We had a houseful over the weekend with extras for lunch on Sunday and whilst I wanted everyone to be well fed of course, the last thing on the menu was for me to be stuck in the kitchen (hissing) all weekend.  With ages ranging from 18 months to grandparents and childrens’ teas to add to the mix I had much to do.  Nothing for it but a bit of organisation, a good list and setting Friday morning aside to get ahead.  I thought I’d let you know what we ate and what I was able to prepare beforehand in case any of these tips help.

Saturday lunch was a picnic with Cannellini Bean, Parsley and Lemon Dip (April 2015) with grissini (recipe coming soon) and Wild Garlic Focaccia (May 2014) alongside a big plate of salami, a bowl of tomatoes and a good chunk of cheddar.  For pudding we had meringues with vanilla bean cream and chocolate sauce (recipe coming soon).  I made the grissini, focaccia, meringues and dip on Friday so putting lunch together on Saturday only took a few minutes.  Incidentally the dough for the focaccia will happily sit in the fridge overnight so it can be baked just before lunch.

Wild Garlic Focaccia

At tea the children had orzo with bacon and tomato sauce (June 2015).  Pudding, and for us to tuck into with a cup of tea, was a Chocolate and Vanilla Marble Cake (October 2013) which I made on Friday.  For supper we had Chicken with Harissa (October 2012) with Little Rosemary Roasties (March 2015) and my favourite Green Salad (January 2014) – couldn’t have been easier.

On Sunday we had Lamb which had been marinading in garlic, lemon and rosemary.  With this Fresh Herb Sauce (July 2013) but I used half mint and half parsley which made a funky full of flavour modern take on old fashioned mint sauce.  It went down an absolute treat.

Asparagus with parmesan

We didn’t need much for supper so I roasted several bunches of fabulous in season asparagus (June 2014) followed by Vanilla Pannacotta (July 2014) with poached rhubarb, both of which I made on Friday.

At each sitting I was delighted that the children scoffed everything except one who found the colour of the fresh herb sauce too alarmingly green.  Admittedly I gave myself quite I lot to do on Friday but I have to tell you it was worth it and it helped to know anything left to prepare was easy and also that so much was already in the fridge or cake tin.

Finally please don’t think there is even one iota of smuggery here,  I am rarely this organised but have proved to myself this weekend the virtue of planning and preparing ahead.  You may always be this organised but if not, I hope some of these tips and recipes might help you breeze through it next time you have a houseful.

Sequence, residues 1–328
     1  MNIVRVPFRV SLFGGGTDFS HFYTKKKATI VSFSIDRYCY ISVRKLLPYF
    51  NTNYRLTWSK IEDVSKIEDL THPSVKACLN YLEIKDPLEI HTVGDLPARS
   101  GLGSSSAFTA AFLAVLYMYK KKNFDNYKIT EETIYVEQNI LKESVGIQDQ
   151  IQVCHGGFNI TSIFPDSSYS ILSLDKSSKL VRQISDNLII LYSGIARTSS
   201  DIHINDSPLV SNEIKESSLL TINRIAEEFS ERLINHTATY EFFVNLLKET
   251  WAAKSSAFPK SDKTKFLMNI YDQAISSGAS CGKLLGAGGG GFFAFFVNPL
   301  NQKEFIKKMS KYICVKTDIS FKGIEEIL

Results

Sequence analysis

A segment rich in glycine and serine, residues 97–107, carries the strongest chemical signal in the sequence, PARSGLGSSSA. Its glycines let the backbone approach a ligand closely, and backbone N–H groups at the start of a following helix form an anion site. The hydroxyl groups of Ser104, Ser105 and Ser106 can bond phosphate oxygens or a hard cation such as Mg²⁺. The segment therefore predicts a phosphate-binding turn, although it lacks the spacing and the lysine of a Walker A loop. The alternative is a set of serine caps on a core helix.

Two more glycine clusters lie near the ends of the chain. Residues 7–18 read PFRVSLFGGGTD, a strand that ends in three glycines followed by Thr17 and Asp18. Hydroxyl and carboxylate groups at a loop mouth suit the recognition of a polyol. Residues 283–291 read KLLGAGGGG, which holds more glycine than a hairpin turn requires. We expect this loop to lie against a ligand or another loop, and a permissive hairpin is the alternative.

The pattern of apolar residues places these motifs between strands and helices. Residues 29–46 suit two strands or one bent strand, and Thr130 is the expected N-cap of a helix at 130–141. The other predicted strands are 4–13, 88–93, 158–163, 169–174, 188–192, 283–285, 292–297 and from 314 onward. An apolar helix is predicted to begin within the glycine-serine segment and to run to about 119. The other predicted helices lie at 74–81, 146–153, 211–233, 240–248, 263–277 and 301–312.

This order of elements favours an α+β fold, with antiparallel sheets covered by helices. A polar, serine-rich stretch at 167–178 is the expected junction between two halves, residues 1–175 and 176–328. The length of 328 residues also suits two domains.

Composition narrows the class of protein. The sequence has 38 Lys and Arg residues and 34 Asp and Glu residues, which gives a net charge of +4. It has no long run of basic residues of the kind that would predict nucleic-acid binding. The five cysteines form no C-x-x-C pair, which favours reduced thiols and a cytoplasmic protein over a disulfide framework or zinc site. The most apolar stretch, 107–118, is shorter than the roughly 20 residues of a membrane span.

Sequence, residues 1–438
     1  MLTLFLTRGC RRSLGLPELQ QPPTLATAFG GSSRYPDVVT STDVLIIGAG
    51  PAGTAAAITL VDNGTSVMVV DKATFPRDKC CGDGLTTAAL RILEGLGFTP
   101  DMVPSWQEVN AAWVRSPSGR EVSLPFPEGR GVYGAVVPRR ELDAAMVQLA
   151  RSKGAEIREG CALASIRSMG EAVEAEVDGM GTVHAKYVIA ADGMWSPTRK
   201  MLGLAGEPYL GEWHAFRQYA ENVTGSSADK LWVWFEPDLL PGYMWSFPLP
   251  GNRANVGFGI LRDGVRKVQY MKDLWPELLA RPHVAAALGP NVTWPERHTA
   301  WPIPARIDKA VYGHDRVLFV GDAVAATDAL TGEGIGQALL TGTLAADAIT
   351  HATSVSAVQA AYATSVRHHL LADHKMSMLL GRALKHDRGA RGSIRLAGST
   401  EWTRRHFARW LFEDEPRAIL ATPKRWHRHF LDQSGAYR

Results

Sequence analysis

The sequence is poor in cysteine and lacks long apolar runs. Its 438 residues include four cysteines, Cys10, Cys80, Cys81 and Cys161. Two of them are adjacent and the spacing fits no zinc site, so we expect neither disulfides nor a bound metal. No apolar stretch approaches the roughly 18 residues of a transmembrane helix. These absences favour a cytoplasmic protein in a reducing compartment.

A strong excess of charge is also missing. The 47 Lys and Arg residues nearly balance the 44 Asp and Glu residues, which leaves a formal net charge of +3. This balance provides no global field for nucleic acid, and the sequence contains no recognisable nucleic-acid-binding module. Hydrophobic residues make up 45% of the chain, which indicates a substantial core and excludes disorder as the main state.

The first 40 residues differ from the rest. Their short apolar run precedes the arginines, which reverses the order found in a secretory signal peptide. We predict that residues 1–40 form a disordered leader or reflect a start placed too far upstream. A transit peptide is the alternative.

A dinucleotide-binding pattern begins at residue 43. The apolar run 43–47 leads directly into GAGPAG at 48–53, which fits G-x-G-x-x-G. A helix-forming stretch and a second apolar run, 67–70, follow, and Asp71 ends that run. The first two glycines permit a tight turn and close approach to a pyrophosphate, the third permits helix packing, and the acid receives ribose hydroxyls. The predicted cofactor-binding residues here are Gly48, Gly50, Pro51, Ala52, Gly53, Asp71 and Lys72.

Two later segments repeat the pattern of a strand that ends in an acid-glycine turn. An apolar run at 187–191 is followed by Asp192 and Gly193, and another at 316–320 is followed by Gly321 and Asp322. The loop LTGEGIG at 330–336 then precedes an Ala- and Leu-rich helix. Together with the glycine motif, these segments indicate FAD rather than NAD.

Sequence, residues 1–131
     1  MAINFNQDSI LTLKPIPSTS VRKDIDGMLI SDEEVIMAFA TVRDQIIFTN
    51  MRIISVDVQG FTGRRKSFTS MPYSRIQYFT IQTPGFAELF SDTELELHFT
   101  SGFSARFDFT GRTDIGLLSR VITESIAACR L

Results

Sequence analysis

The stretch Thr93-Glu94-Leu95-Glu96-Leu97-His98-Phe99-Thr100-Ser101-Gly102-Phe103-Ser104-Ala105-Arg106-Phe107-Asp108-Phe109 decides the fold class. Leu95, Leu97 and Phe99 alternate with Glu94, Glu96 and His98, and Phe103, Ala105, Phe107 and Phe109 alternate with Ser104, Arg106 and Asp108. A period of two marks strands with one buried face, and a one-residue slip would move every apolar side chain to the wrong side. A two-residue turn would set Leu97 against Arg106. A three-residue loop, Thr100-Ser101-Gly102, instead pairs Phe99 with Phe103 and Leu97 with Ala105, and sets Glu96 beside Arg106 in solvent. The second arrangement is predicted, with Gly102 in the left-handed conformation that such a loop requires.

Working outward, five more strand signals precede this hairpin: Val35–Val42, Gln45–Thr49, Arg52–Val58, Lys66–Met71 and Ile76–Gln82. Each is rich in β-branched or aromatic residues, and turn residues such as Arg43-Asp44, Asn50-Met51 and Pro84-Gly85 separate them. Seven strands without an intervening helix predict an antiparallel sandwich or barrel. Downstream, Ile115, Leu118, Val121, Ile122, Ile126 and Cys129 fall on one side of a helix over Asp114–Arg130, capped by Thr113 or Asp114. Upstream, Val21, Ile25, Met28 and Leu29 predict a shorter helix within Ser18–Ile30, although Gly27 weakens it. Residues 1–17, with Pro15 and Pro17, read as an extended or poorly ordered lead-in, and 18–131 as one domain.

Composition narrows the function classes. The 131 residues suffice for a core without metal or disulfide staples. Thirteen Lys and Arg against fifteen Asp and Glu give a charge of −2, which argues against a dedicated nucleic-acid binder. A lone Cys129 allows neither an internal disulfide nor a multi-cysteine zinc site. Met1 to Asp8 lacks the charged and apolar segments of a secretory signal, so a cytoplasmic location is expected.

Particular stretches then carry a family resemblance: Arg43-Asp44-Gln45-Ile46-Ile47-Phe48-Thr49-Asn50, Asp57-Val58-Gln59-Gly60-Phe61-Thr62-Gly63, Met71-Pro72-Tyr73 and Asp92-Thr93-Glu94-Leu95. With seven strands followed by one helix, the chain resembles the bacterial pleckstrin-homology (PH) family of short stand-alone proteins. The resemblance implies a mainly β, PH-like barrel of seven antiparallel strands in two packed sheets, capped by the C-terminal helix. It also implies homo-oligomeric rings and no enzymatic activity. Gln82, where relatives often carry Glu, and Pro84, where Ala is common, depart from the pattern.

One more thing, I finished off the leftover poached rhubarb and vanilla bean cream with a last meringue and it was fabulous.  It reminded me of a rhubarb pavlova that I made a couple of times last year and I will post that recipe soon.

 

Cheese Sables with Rosemary Salt

Cheese Biscuits

I remember dinner parties when I was a child – those were the days of going the whole hog – long dresses, velvet jackets, hair up and that 1970’s phenomenon – a selection of puddings.  Now, what was that all about?  If it wasn’t enough that you would wade through a starter and main course, there would always be cheese served with biscuits, grapes, a jar of celery and whatever else but then a choice of puddings.  Perhaps oranges in caramel, a lemon soufflé – the chilled kind rather than oven baked – chocolate roulade or profiteroles.  Always three, always cold.

So different from how we entertain now.  When we have friends for supper, I might make a big stew, pie or paella which can be served at the table (no hostess trolley) with perhaps a salad to follow.  Then depending on our mood, the weather and many other vagaries, cheese (sometimes served with the salad) or a pud.  Rarely both as I am incapable of leaving one or other alone if presented with them both and will then feel like a beached whale at the end of supper.  What I would do with three puddings I don’t know….well I do.  I don’t often serve a starter but prefer to offer something with drinks beforehand.  I can’t quite bring myself to call these canapés as I am not dextrous enough to create those little masterpieces you see in smart restaurants.  No, spiced cherries in bacon, a little onion tart or these cheese biscuits with rosemary salt.

Can there be anything more fantastically savoury and moreish to have with a cocktail than a little cheese biscuit?  That tang and crunch just go perfectly.  These ones are crisp with a good bite from strong cheese and a kick from the cayenne.  Despite the feisty flavour my children adore them.  Make a load to stash away in your freezer ready to whip out when entertaining over Christmas.

As you can see from the photograph I served these with a Negroni and I thought they went together perfectly but naturally the choice of drink is up to you.  Admittedly, one of the friends I gave a Negroni to made a face like I’d give her soapy water to drink and gave me the glass straight back.  You can’t please everyone…..but at least she loved the cheese biscuits!

Cheese Biscuits 2

Cheese Sables with Rosemary Salt

100g soft butter

100g self raising flour

100g strong cheese, grated (I use 50/50 parmesan and vintage cheddar)

A pinch of cayenne pepper

1 tablespoon rosemary, finely chopped

Preheat the oven to 180.  Whizz the flour and butter together, add the cheese and cayenne. Mix to a dough and form into a roll, wrap in cling film and put in the fridge for 20 minutes to firm up a little as this will make the cutting easier.  Cut into thin slices and put onto a parchment lined baking tray.  Pound the rosemary in a mortar with a pinch of sea salt and sprinkle a little of this onto each biscuit.  Cook for 13-15 minutes until golden on top.  Cool on a wire rack where they will crisp up.  Makes about 25.